An exploration of the therapeutic process in suicide intervention therapy with lesbian gay and bisexual clients

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Authors
Flannery, Paul
Issue Date
2015
Degree
MA in Psychotherapy
Publisher
Dublin Business School
Rights
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Abstract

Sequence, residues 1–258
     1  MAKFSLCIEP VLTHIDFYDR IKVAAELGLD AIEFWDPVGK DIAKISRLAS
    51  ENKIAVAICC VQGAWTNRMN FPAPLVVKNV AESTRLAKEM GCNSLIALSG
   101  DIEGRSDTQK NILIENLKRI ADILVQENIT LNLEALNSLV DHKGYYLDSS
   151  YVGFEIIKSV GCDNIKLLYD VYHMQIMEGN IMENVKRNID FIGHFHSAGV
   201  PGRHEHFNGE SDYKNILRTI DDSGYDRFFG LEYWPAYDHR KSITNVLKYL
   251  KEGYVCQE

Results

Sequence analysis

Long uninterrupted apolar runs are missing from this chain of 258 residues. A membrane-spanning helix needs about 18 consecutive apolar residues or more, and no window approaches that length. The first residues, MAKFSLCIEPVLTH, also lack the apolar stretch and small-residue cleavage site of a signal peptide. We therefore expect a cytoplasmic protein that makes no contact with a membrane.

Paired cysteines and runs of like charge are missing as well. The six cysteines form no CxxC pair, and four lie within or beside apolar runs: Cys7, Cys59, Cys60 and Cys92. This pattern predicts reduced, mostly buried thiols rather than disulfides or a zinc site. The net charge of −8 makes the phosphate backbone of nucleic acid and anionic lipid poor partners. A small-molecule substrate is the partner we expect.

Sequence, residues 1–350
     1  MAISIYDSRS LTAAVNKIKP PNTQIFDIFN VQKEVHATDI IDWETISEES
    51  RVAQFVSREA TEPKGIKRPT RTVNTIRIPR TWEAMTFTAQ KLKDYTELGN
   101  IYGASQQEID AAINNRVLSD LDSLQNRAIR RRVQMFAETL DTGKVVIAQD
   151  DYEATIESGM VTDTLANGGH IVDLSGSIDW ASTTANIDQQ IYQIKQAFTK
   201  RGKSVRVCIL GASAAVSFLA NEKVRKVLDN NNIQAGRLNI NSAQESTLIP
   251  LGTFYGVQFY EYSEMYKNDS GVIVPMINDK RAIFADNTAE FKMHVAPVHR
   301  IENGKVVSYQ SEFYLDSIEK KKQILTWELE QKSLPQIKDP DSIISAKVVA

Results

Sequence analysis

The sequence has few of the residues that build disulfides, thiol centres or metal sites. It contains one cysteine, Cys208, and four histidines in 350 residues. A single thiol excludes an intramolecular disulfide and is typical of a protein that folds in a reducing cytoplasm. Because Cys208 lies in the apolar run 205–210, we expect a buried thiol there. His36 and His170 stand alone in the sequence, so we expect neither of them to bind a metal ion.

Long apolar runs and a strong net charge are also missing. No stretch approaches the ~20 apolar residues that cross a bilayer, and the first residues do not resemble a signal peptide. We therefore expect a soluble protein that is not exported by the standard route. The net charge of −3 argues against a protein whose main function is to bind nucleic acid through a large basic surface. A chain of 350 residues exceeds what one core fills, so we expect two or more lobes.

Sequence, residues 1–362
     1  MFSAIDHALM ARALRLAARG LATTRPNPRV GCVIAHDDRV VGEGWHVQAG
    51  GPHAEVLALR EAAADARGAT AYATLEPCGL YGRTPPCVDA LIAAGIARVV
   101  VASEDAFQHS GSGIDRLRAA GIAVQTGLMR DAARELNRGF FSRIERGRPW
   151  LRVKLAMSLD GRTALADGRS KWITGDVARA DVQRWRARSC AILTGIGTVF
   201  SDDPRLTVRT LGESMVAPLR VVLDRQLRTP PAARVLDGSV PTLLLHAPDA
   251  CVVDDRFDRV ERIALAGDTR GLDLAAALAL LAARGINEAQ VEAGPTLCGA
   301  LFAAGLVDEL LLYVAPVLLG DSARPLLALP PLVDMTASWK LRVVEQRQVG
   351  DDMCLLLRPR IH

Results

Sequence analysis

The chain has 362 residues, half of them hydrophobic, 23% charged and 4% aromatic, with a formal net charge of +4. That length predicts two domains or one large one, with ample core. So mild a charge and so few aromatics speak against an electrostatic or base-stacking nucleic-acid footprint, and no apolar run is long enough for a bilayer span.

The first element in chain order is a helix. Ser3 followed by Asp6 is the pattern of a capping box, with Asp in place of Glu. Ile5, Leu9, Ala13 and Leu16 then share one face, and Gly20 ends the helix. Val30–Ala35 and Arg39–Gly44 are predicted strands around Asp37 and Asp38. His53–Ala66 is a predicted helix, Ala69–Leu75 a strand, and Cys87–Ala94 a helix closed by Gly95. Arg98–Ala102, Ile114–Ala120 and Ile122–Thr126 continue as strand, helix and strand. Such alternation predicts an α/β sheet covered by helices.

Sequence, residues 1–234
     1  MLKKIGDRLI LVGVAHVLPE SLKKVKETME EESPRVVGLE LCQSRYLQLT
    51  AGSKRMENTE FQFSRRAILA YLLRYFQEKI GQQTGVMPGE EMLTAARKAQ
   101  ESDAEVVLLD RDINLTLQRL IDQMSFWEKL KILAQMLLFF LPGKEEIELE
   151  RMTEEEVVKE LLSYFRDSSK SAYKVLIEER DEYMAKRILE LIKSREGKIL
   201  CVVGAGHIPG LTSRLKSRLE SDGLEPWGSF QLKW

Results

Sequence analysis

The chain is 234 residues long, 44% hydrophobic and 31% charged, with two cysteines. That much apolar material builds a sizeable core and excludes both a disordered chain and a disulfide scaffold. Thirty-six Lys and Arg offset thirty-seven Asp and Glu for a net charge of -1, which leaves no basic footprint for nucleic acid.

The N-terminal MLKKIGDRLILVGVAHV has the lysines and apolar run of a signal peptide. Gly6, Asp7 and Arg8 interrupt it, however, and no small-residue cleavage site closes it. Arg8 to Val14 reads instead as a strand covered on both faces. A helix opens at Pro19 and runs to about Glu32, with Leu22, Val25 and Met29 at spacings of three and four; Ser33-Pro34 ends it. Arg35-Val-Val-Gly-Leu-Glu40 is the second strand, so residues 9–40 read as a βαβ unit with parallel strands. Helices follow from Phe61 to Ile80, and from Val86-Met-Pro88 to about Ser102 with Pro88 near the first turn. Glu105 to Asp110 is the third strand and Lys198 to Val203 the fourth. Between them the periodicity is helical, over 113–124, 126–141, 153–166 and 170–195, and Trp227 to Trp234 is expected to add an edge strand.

The purpose of this research was to explore the experiences of therapists working with lesbian gay and bisexual (LGB) individuals presenting at a suicide crisis intervention centre. The policy of the centre is to offer clients brief solution-focused therapy with exploration of underlying issues excluded. The focus of the centre’s approach is to lift suicidal ideation or self-harming behaviour and replace the reasons for dying or harming with reasons for living with dignity. Due to the high levels of suicidality among LGB people relative to their heterosexual peers which is more than 2 times higher on average and up to 7 times higher between the ages of 12-17, an explorative research into the therapeutic process was selected. The methodology chosen was qualitative research and five semi-structure interviews were carried out with Integrative and Humanistic therapists employed in the suicide intervention centre. The data was analysed using thematic analysis and the findings comprised of three themes. Theme 1. Minimisation and rejection of the notion that different therapeutic approaches are offered to LGB and non-LGB clients. Yet on exploring this further, it was clear that subtle differences in approach emerged. Theme 2. Getting-It; the enhanced ability of some therapist was noted, to communicate to the clients an experience of ‘being got’ through empathically addressing the underlying issues concerning their suicidal ideation and self-harm. Theme 3. The consequential tension that was evident between the adherence to policy and the desire of the therapist to work with some of the underlying issues relating to the client’s SI or DSH. Conclusions: the participant therapists responded to this conflict or tension in different ways (i) there was evidence of deeper levels of empathy and some therapist endeavoured to impart to the client a deep felt sense of understanding the client’s early non-identification with his or her environment and the people in it, in a manner that may be sufficient to encourage the client to explore this further after their suicidality is no longer the priority. (ii) Other therapists expressed a defensive stance by continuing to reject the notion of a differential response and defended the need for time limits and content boundaries in order to address only the surface issues of suicidality. It is believed that further research into the ability of some therapists to empathically connect at a deeper level with the early self-esteem injury and suicidality will add further light on the above findings. Author keywords: LGB, lesbian, gay, bisexual, suicide, self harm, brief-solution-focused-therapy